San Francisco became the “home” of the Edwins family, who made a living as street performers along Fisherman’s Wharf. The exhibition propelled their careers forward. The family drew huge crowds with their acoustic performances – Les on drums, Ron on maracas, Myron and Jeff dancing and joining their father and his bell on vocals, Charlene often appearing in the show – and were invited to perform on the much appreciated “Mike”. Douglas show.
âThe cover art for our album, In San Francisco The Street Thang, was taken while we were playing on the ‘Mike Douglas Show’,â said Jeff, who recalled family days on the streets with a smile.
âIt was fun, it took time. We have worked a lot. We had huge crowds coming down just to see us play. We were probably the best group in San Francisco at the time, âsaid Jeff. âI think what was the most fun was seeing people from all over the world, San Francisco being a metropolitan city. It is also a tourist town.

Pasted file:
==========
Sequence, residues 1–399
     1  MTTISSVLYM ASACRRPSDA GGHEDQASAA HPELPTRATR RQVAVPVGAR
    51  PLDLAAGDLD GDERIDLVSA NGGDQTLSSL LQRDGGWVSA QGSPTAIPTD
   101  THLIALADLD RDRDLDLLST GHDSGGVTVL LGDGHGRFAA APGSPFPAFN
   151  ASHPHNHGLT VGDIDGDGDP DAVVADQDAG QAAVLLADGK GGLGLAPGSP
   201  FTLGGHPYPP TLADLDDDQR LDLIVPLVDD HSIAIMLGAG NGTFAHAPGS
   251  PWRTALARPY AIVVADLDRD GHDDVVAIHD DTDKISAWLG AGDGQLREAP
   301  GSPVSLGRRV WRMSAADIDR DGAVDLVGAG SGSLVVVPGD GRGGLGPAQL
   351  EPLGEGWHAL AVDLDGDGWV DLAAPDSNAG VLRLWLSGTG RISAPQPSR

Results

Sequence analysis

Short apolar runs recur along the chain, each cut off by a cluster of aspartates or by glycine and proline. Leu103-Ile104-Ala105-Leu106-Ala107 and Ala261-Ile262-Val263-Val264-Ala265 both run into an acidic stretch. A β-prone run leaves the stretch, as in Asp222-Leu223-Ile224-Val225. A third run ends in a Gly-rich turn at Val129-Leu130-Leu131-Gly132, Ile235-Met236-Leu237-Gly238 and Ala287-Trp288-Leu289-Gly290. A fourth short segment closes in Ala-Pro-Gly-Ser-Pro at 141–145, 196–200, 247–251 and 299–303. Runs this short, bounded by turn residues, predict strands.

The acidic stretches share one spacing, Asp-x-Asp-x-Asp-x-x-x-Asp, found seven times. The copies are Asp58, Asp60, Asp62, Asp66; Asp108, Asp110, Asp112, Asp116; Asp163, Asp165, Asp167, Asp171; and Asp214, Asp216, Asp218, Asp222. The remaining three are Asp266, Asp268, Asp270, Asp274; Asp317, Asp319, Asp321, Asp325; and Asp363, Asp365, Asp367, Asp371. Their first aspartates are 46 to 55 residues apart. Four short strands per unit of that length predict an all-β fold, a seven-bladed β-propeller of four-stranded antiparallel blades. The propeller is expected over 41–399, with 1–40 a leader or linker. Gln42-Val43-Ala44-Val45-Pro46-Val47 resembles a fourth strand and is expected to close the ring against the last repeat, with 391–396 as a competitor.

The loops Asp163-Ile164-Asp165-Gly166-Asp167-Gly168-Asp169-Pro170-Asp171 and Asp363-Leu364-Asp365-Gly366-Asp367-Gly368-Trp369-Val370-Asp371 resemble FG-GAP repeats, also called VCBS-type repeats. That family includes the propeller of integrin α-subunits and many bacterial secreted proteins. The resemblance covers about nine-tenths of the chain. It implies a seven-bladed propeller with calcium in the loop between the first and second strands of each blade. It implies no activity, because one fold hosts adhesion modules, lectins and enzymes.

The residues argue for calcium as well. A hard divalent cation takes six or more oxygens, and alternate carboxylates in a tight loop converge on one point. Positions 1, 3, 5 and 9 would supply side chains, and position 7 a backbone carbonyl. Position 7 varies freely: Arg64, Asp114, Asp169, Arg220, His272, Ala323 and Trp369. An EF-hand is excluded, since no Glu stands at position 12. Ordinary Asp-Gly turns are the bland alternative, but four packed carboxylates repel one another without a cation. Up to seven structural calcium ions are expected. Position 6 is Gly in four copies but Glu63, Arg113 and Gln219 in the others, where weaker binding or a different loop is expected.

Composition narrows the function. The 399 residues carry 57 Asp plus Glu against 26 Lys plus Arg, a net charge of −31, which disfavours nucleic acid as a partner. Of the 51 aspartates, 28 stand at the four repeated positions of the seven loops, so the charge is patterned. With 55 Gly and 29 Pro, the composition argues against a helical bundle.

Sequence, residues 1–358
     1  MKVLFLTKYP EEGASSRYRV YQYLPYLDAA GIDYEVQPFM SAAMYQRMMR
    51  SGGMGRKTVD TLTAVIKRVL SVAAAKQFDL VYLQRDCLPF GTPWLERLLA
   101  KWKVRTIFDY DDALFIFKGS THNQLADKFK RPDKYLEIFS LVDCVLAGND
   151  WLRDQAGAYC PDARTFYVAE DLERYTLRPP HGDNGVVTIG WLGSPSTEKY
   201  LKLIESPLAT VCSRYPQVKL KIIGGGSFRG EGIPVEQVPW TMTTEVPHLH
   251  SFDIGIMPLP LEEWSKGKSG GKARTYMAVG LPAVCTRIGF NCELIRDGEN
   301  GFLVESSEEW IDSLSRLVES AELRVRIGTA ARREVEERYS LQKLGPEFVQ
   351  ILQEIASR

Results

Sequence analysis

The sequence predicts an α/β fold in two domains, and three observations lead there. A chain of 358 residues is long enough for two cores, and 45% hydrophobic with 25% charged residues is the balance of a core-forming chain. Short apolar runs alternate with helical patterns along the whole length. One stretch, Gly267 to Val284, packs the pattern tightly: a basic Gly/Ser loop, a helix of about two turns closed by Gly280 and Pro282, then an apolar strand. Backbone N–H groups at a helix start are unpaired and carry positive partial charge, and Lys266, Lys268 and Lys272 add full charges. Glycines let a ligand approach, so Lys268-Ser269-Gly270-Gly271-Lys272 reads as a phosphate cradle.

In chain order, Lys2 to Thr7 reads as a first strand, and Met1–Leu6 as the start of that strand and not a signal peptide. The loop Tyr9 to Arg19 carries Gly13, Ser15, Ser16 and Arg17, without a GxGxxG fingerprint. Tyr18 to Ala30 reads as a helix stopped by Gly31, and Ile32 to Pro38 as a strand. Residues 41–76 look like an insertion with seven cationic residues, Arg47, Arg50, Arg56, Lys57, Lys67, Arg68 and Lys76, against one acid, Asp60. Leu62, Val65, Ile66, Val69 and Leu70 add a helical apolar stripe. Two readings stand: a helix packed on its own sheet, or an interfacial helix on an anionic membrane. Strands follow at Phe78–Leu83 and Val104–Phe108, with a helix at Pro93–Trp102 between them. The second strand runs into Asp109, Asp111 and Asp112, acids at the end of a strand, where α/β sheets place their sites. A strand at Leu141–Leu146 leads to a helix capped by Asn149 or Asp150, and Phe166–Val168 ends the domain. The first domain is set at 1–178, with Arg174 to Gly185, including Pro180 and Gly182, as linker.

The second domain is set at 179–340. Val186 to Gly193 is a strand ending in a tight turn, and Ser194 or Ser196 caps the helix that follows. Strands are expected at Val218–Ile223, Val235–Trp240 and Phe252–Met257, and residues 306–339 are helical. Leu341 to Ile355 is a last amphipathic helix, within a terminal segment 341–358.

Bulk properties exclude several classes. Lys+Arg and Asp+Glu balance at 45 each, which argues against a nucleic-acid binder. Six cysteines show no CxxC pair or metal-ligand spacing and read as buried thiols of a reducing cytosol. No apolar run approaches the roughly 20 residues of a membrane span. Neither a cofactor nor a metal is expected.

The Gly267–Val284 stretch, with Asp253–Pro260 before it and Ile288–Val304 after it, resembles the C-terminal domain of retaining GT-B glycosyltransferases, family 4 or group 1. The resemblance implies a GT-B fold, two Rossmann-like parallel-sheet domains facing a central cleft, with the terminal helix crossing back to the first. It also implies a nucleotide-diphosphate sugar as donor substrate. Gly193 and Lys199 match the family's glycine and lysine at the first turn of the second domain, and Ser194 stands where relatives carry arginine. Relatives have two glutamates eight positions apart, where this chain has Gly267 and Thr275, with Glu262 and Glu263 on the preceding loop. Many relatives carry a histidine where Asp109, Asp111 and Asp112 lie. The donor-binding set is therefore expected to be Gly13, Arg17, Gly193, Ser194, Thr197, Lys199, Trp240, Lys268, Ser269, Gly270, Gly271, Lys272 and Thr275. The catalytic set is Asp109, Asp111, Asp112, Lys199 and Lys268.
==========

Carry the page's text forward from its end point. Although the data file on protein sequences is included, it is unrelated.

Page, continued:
The tourists returned home and The Edwards Generation toured; they performed in Europe and Japan, and were pleasantly surprised to see their own faces staring at them in the pages of MONO magazine in Seoul, Korea.
Another time overseas, “Young girls, they came over to us, they had a picture of us at the wharf,” Ron said with a laugh.
Music gave the Edwards Generation a life of purpose and memories, and as the family continues to perform together, each brother has successful solo careers and supports the efforts of others.
Les entertained the crowds on Fisherman’s Wharf and in May released the single “Fight of Your Life”. Ron is an artist and producer at Swift Kick Productions; last year he released a single, “It’s Christmastime”.
Jeff released his second solo album, Just Another Day, earlier this year, as well as a single dedicated to his mother called simply “Irene”.